String Matching with Finite AutomataThe stringmatching automaton is a very useful tool which is used in string matching algorithm. It examines every character in the text exactly once and reports all the valid shifts in O (n) time. The goal of string matching is to find the location of specific text pattern within the larger body of text (a sentence, a paragraph, a book, etc.) Finite Automata:A finite automaton M is a 5tuple (Q, q_{0},A,∑_{δ}), where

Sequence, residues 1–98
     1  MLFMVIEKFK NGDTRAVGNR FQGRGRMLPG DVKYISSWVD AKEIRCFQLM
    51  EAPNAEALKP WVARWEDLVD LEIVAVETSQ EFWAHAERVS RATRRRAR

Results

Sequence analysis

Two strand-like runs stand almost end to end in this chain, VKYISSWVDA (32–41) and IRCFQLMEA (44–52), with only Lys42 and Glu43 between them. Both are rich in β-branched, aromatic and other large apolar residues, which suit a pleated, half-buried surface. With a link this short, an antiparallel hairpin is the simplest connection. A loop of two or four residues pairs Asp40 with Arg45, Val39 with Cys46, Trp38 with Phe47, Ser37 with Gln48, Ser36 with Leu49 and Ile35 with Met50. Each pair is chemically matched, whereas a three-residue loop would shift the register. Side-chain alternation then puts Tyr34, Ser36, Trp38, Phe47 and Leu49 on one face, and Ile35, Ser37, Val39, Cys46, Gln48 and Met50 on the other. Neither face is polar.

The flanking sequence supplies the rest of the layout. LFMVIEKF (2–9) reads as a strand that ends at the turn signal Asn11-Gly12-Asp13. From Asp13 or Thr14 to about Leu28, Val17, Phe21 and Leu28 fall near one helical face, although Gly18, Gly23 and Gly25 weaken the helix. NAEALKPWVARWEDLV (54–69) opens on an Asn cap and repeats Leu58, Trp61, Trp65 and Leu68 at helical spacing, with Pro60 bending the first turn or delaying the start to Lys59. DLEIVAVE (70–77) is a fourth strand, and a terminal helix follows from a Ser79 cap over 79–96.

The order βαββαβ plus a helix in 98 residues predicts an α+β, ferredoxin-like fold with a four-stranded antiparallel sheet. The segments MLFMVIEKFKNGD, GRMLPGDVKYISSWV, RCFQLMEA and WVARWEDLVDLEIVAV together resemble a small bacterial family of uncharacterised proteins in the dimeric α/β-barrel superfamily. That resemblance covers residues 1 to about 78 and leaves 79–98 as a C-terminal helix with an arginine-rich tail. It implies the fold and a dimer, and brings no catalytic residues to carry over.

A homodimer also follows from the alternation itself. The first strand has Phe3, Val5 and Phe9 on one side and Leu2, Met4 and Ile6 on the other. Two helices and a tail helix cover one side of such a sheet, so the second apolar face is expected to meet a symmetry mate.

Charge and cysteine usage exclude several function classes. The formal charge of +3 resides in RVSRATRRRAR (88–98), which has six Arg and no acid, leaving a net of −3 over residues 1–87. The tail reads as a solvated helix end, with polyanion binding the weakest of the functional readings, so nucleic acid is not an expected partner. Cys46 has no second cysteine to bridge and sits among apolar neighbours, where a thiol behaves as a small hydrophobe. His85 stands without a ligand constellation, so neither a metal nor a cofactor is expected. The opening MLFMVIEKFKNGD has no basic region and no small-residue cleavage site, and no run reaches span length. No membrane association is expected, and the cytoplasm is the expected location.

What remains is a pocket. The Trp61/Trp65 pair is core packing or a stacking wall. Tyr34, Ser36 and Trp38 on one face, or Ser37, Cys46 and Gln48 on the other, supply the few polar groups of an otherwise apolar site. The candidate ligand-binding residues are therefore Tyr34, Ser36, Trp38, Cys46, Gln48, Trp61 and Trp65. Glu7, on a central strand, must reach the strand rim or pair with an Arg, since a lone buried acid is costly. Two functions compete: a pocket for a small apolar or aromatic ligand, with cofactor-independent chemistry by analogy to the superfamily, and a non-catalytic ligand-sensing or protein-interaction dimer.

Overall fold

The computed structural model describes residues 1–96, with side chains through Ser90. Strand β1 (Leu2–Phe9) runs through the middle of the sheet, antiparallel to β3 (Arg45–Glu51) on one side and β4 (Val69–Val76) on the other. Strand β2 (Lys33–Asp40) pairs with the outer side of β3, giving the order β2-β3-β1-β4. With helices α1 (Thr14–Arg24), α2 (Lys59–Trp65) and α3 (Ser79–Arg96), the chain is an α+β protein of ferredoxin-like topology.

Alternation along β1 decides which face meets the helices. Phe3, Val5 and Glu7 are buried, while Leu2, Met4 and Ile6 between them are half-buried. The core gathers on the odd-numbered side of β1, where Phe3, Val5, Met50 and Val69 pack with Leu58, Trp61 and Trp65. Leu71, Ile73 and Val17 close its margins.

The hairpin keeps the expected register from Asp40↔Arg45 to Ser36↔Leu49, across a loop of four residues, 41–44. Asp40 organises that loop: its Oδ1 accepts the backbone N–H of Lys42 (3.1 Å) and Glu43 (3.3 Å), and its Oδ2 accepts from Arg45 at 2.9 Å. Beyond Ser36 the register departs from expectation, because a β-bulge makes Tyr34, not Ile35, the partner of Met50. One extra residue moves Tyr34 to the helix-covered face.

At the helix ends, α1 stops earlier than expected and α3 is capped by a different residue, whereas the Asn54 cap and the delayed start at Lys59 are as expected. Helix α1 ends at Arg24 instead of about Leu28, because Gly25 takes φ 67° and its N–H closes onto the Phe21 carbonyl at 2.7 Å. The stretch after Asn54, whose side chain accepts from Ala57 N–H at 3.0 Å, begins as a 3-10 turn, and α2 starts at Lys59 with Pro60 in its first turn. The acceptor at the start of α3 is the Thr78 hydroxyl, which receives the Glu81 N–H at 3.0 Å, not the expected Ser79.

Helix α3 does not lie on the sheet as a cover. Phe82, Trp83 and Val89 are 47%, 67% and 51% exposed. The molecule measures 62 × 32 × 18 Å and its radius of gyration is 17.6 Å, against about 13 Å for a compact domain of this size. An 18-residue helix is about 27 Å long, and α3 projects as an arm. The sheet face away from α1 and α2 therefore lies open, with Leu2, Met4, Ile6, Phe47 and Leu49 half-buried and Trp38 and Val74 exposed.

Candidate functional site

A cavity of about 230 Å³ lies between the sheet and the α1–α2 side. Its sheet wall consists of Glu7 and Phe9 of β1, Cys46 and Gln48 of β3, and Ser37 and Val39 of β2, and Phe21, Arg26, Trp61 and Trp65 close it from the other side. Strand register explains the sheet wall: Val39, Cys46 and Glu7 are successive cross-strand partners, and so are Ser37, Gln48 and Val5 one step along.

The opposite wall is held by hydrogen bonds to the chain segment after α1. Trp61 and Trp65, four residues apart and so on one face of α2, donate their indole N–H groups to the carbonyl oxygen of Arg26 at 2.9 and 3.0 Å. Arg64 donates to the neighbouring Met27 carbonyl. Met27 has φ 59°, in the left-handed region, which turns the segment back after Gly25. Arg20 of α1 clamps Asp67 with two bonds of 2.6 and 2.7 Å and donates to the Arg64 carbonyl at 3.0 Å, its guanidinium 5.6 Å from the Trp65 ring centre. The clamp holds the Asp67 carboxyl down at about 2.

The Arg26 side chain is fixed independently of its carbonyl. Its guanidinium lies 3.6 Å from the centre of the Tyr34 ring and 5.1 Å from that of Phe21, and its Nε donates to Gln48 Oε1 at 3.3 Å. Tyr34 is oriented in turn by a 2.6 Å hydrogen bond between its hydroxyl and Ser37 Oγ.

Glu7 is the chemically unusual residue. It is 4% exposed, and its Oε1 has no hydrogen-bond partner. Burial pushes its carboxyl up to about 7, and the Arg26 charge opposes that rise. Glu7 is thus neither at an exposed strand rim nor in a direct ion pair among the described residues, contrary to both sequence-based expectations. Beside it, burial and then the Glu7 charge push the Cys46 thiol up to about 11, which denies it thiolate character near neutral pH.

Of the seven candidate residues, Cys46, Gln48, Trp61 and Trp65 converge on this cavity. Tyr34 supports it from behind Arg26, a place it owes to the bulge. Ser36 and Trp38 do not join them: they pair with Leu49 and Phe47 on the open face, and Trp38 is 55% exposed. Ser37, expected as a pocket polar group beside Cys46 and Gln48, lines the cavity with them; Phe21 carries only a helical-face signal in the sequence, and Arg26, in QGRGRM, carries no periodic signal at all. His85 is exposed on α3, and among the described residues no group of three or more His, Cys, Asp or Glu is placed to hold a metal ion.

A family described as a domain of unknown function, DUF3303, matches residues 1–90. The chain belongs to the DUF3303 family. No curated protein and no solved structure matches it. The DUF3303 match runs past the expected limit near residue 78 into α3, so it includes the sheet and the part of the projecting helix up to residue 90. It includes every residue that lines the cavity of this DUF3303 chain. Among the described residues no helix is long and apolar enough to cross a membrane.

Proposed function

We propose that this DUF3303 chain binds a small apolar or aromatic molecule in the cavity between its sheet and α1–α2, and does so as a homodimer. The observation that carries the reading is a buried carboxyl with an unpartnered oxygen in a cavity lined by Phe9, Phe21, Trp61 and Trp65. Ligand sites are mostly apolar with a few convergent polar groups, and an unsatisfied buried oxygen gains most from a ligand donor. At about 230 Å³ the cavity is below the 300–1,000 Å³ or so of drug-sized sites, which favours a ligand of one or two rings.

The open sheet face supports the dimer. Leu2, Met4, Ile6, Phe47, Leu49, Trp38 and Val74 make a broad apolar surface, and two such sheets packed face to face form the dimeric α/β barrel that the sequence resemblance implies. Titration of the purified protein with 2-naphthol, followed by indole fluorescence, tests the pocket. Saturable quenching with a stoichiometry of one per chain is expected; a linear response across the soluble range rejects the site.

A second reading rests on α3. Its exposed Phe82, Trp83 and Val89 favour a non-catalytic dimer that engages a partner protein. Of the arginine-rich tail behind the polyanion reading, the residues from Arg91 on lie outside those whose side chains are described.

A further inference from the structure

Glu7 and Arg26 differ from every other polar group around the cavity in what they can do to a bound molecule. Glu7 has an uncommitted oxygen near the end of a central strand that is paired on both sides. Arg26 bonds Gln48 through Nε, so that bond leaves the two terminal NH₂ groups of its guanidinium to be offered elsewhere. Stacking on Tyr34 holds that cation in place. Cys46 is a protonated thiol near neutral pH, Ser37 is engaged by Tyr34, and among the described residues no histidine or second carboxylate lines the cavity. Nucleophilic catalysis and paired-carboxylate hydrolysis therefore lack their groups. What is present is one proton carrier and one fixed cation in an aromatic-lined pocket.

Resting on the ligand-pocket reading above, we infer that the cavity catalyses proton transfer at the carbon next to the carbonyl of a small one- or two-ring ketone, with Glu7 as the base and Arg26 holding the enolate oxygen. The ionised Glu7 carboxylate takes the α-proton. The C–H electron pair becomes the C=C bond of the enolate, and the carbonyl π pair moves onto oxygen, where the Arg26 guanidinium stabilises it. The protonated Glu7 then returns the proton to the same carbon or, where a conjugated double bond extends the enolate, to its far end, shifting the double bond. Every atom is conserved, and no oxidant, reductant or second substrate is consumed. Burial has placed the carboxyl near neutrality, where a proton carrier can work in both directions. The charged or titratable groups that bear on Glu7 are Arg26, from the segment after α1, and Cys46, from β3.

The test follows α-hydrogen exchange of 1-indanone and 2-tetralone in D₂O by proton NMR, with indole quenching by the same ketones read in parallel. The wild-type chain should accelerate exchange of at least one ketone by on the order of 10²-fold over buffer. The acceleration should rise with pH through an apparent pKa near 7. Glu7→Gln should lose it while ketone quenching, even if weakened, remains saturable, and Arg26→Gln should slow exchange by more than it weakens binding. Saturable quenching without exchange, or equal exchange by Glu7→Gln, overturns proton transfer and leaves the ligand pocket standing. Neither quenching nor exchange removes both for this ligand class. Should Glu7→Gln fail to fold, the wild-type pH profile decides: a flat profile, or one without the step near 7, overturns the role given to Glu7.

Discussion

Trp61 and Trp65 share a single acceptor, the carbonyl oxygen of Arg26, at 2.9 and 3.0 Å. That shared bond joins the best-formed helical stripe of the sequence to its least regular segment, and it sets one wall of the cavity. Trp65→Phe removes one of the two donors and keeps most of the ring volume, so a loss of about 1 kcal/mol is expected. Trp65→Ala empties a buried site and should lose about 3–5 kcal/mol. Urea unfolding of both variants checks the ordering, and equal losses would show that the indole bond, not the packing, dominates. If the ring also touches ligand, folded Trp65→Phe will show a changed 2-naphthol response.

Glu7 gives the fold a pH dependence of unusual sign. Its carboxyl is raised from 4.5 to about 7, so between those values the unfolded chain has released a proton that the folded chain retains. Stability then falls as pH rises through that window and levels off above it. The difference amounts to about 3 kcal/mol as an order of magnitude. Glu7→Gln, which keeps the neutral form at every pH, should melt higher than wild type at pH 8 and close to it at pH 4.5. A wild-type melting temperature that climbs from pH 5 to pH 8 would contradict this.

The finite automaton starts in state q_{0} and reads the characters of its input string one at a time. If the automaton is in state q and reads input character a, it moves from state q to state δ (q, a). Whenever its current state q is a member of A, the machine M has accepted the string read so far. An input that is not allowed is rejected. A finite automaton M induces a function ∅ called the called the finalstate function, from ∑* to Q such that ∅(w) is the state M ends up in after scanning the string w. Thus, M accepts a string w if and only if ∅(w) ∈ A. The function f is defined as ∅ (∈)=q_{0} ∅ (wa) = δ ((∅ (w), a) for w ∈ ∑*,a∈ ∑) FINITE AUTOMATONMATCHER (T,δ, m), 1. n ← length [T] 2. q ← 0 3. for i ← 1 to n 4. do q ← δ (q, T[i]) 5. If q =m 6. then s←im 7. print "Pattern occurs with shift s" s The primary loop structure of FINITE AUTOMATONMATCHER implies that its running time on a text string of length n is O (n). Computing the Transition Function: The following procedure computes the transition function δ from given pattern P [1......m] COMPUTETRANSITIONFUNCTION (P, ∑) 1. m ← length [P] 2. for q ← 0 to m 3. do for each character a ∈ ∑* 4. do k ← min (m+1, q+2) 5. repeat k←k1 6. Until 7. δ(q,a)←k 8. Return δ Example: Suppose a finite automaton which accepts even number of a's where ∑ = {a, b, c} Solution: q_{0} is the initial state.
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